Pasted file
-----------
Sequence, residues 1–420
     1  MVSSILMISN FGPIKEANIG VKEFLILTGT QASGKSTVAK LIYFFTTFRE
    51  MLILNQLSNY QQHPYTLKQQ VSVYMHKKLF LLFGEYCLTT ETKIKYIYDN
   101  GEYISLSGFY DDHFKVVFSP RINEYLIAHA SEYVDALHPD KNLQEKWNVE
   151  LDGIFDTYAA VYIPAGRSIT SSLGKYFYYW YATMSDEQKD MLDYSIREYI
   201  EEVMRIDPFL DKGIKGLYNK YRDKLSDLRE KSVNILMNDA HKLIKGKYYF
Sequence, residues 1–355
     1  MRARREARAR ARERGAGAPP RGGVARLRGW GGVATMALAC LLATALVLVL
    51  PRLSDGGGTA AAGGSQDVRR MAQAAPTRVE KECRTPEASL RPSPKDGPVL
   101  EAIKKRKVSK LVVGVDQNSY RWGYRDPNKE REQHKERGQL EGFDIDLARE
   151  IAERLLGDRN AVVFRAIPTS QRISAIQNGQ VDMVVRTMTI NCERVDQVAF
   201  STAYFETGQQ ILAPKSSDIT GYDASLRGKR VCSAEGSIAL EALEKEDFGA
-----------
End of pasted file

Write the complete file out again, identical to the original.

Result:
Sequence, residues 1–420
     1  MVSSILMISN FGPIKEANIG VKEFLILTGT QASGKSTVAK LIYFFTTFRE
    51  MLILNQLSNY QQHPYTLKQQ VSVYMHKKLF LLFGEYCLTT ETKIKYIYDN
   101  GEYISLSGFY DDHFKVVFSP RINEYLIAHA SEYVDALHPD KNLQEKWNVE
   151  LDGIFDTYAA VYIPAGRSIT SSLGKYFYYW YATMSDEQKD MLDYSIREYI
   201  EEVMRIDPFL DKGIKGLYNK YRDKLSDLRE KSVNILMNDA HKLIKGKYYF
Sequence, residues 1–355
     1  MRARREARAR ARERGAGAPP RGGVARLRGW GGVATMALAC LLATALVLVL
    51  PRLSDGGGTA AAGGSQDVRR MAQAAPTRVE KECRTPEASL RPSPKDGPVL
   101  EAIKKRKVSK LVVGVDQNSY RWGYRDPNKE REQHKERGQL EGFDIDLARE
   151  IAERLLGDRN AVVFRAIPTS QRISAIQNGQ VDMVVRTMTI NCERVDQVAF
   201  STAYFETGQQ ILAPKSSDIT GYDASLRGKR VCSAEGSIAL EALEKEDFGA